Identifying phases of quantum many-body systems that are universal for quantum computation.

School of Physical Sciences, The University of Queensland, St Lucia, Queensland 4072, Australia.
Physical Review Letters (Impact Factor: 7.73). 08/2009; 103(2):020506. DOI: 10.1103/PhysRevLett.103.020506
Source: PubMed

ABSTRACT Quantum computation can proceed solely through single-qubit measurements on an appropriate quantum state, such as the ground state of an interacting many-body system. We investigate a simple spin-lattice system based on the cluster-state model, and by using nonlocal correlation functions that quantify the fidelity of quantum gates performed between distant qubits, we demonstrate that it possesses a quantum (zero-temperature) phase transition between a disordered phase and an ordered "cluster phase" in which it is possible to perform a universal set of quantum gates.

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    ABSTRACT: We describe a many-body quantum system which can be made to quantum compute by the adiabatic application of a large applied field to the system. Prior to the application of the field quantum information is localized on one boundary of the device, and after the application of the field this information has propagated to the other side of the device with a quantum circuit applied to the information. The applied circuit depends on the many-body Hamiltonian of the material, and the computation takes place in a degenerate ground space with symmetry-protected topological order. Such adiabatic quantum transistors are universal adiabatic quantum computing devices which have the added benefit of being modular. Here we describe this model, provide arguments for why it is an efficient model of quantum computing, and examine these many-body systems in the presence of a noisy environment.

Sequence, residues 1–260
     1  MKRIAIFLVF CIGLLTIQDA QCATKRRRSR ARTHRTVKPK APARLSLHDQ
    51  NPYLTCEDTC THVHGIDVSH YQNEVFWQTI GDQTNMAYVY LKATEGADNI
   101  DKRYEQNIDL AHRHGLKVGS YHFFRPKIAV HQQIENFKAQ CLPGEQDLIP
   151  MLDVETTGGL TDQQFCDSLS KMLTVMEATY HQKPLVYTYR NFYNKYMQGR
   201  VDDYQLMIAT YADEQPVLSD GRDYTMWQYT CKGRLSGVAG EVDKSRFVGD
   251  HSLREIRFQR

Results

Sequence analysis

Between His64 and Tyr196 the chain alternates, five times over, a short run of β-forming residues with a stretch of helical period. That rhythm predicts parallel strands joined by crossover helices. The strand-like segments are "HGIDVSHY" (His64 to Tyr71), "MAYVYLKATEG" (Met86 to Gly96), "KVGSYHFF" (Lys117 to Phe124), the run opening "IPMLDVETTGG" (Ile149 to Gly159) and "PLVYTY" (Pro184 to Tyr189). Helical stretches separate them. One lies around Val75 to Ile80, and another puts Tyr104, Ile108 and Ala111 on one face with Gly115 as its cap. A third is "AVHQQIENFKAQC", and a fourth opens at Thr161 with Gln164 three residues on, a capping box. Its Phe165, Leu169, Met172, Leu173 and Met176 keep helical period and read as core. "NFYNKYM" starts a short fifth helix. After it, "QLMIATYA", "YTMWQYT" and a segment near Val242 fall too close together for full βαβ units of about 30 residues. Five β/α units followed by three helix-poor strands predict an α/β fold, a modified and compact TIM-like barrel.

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    ABSTRACT: The two-dimensional cluster state, a universal resource for measurement-based quantum computation, is also the gapped ground state of a short-ranged Hamiltonian. Here, we examine the effect of perturbations to this Hamiltonian. We prove that, provided the perturbation is sufficiently small and respects a certain symmetry, the perturbed ground state remains a universal resource. We do this by characterising the operation of an adaptive measurement protocol throughout a suitable symmetry-protected quantum phase, relying on generic properties of the phase rather than any analytic control over the ground state.
    New Journal of Physics 07/2012; 14(11). · 4.06 Impact Factor


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